Summer camps are currently the heart of our program. Each camp offers children or young adults the chance to grow, belong, and rejuvenate while surrounded by peers who understand the impacts of childhood cancer.
Our camps serve an overall population of campers aged 7-25 across two distinct programs:
- Camp Goodtimes: our flagship, week-long resident camp for campers aged 7-17. Each summer, we hold two sessions at Camp Burton on Vashon Island, one in June and one in July. Eligible campers must be a cancer patient (either on- or off-treatment) or a sibling of a cancer patient (including bereaved siblings).
- Kayak Adventure Camp: this young adult camp gives childhood cancer survivors aged 18-25 the opportunity to push their limits and independence in a week-long kayak adventure in the San Juan Islands.
We need the help of hundreds of people to make camp happen each year, including multi-day and single day time commitments:
- Camp Staff: with camper to staff ratios of 5:1, we need an average of 70 individuals each camp session to donate 9 days of their time to be our full-time staff at Camp Goodtimes. We recruit candidates dedicated to caring for the wellbeing of our campers while also having the time of their life. We also need veteran staff to lead our 1-day Mini Camp.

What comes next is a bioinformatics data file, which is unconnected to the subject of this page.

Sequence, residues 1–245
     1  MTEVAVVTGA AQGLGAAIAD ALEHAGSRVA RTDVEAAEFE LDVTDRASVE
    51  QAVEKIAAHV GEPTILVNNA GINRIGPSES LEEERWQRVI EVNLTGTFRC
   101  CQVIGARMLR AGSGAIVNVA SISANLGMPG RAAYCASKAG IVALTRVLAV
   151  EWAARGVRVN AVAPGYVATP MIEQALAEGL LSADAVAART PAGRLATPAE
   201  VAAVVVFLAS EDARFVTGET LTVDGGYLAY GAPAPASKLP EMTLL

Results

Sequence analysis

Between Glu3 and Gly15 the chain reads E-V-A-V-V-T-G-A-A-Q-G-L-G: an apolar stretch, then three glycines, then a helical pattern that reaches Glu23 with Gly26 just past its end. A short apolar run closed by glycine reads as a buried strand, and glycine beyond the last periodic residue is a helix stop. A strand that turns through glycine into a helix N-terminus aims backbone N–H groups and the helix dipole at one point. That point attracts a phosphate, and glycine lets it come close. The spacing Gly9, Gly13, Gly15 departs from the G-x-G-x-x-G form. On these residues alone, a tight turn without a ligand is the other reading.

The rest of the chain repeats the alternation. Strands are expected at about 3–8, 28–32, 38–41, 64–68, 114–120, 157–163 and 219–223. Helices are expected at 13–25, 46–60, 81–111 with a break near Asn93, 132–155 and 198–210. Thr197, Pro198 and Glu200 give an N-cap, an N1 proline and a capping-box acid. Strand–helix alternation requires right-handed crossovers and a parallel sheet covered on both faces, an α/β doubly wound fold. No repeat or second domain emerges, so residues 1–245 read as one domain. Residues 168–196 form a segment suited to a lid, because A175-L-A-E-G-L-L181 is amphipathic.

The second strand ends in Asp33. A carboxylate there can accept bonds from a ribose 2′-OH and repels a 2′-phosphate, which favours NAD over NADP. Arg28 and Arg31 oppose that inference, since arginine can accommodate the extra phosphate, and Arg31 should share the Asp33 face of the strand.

- Single-Day Volunteers: in addition to our full-time, non-paid staff, we rely on the generosity of 100+ individuals who give between 2–8 hours of their time to help with activities, check in, and set up.
You and Me Retreat: one parent and one child from a family who has experienced pediatric cancer are invited to this weekend retreat to get reacquainted with one another through meaningful programming in a fun, campy atmosphere. Find out more.
Sibling Ski Camp: this weekend pilot program gives siblings a chance to connect and share their stories while experiencing adventure based programming. This camp is open to youth ages 11-17 who have/had a sibling with cancer. Get information.
All of our camps and events are no cost to the participant or family and are made possible through donations.
BENEFITS OF CAMP
We know first hand the positive benefits that a camp experience can have on children dealing with cancer. But don't just trust our word for it. The American Camp Association (ACA) published its own findings entitled, "Children with Cancer: Positive Benefits of Camp."
By the numbers
- 250 campers served each year
- 150 full-time staff volunteers hired
- 210 gallons of water drank
- 55 bottles of hand sanitizer used
- 60 miles paddled
- 400 meals eaten
- 15 cases of whip cream thrown
- $1,500 needed to enroll 1 camper
- 1,200 yards of blue tape
- 800 s'mores cooked
- 200+ day-of volunteers welcomed
- 1,000's of laughs, smiles, and good times